Thursday, April 19, 2007


Well-Deserved "Late Accolades"................

Nunavut Honours Aviation Pioneers

The Nunavut Government has honoured a family of Manitoba pilots for decades of pioneering aviation in the North.

The four surviving pilots in the Lamb family — Conrad, Doug, Jack and Greg — received plaques and accolades from Community and Government Services Minister Levinia Brown during a reception in Rankin Inlet on Saturday.

The father, Tom Lamb, and sons Donald and Dennis are deceased.

Longtime residents of the eastern Arctic may recall airplanes with the red Lamb Air logo on the side during the 1950s to '70s. The family of pilots, comprising six sons and their father, spent those years flying passengers around the area that is now Nunavut.

Lamb Air, which was based in The Pas, Man., was in business from 1935 to 1981.

"They were the type of guys that would always allow someone to get on or off an airplane, depending on where they were, if they were in need," Shawn Maley, assistant deputy minister of Community and Government Services, said Saturday.

"That's the kind of work they did over many many years in the early part of the development of the territory."

With four sons in the family still living — the youngest being in his 70s — Maley said his department and the Department of Transportation felt it was time to extend their appreciation to the family.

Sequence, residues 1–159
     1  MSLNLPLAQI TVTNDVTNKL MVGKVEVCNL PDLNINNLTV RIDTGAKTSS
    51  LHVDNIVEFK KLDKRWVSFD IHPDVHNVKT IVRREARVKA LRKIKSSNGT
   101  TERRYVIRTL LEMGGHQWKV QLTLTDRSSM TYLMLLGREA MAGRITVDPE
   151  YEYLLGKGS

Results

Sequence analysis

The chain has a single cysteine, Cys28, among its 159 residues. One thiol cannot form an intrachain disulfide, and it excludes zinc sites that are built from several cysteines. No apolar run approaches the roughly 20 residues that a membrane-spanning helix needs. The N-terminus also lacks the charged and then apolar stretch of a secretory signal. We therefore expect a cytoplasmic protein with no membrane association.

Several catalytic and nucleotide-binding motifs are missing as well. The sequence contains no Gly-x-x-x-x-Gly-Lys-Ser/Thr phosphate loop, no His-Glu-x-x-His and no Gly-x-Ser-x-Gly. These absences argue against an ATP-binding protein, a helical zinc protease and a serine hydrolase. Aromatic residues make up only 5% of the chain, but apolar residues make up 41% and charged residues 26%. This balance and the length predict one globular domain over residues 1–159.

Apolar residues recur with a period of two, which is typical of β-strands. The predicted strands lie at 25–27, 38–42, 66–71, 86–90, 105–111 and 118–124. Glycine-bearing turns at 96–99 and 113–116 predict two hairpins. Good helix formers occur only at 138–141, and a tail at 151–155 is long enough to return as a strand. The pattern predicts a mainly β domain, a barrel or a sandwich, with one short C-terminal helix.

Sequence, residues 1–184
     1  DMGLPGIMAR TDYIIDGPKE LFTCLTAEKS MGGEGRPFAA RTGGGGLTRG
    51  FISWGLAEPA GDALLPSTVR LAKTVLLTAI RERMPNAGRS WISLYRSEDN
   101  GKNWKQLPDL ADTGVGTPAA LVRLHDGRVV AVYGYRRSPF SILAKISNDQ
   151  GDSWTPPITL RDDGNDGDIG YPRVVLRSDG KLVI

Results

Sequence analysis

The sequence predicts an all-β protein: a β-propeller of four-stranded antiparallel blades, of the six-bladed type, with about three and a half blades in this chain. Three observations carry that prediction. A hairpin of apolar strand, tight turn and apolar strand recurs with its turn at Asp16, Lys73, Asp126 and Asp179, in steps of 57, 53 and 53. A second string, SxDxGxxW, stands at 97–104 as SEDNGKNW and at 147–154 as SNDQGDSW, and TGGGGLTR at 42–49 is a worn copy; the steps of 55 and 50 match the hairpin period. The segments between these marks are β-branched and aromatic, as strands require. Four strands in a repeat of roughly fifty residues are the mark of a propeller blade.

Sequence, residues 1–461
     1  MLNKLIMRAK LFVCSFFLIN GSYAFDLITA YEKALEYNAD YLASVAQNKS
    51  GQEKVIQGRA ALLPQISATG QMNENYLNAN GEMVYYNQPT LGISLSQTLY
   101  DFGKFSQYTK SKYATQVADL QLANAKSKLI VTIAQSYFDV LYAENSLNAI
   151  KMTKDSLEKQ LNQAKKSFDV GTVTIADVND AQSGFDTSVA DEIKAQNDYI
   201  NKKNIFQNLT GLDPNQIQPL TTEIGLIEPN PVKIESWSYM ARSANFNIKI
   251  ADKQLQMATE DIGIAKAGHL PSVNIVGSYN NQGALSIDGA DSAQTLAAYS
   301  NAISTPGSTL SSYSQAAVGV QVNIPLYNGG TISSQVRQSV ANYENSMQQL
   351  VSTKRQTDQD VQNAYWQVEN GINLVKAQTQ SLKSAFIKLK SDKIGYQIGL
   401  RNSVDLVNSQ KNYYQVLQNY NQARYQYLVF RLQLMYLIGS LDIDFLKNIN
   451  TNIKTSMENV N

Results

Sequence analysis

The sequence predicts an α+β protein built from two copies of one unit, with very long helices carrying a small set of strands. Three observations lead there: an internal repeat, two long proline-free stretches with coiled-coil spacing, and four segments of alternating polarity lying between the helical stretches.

"There was a number of us that saw that the Lambs were getting on in age and for whatever reason they haven't been properly recognized, either in Canada or Manitoba," he said. "We thought now would be a good time to recognize their efforts in helping develop the Nunavut territory."

The surviving brothers, who currently live in various communities across Manitoba, flew to Rankin Inlet for the weekend occasion. Jack Lamb said flying to Nunavut in his day was a lot different than it is now.

"It was pretty rough in those days," Lamb recalled. "There was no runways and no navigation, and the only beacons that were around were Churchill, Baker Lake [and] Coral Harbour."

The Lamb brothers said they were honoured and a little embarrassed by the attention. Jack Lamb said he appreciates the recognition for what was a very difficult job at times.

Good for the family, I can tell you, they were "real men". Flying Beavers, Otters, Norsemans, DC-3s, Bristol Freighters, and other aircraft types in the "far reaches" of the North and elsewhere took a "special breed", too bad it is basically "all over". As my first full-time "aviation employer", Reg Treacy, WWII veteran, and old Hudson's Bay employee always used to say..... "You could always find the 'Real Men' in the North"..................... "True words" from a "wise old sage"!


Lambair "Bristol Freighter" through the ice! The "boys" got "her" out...........

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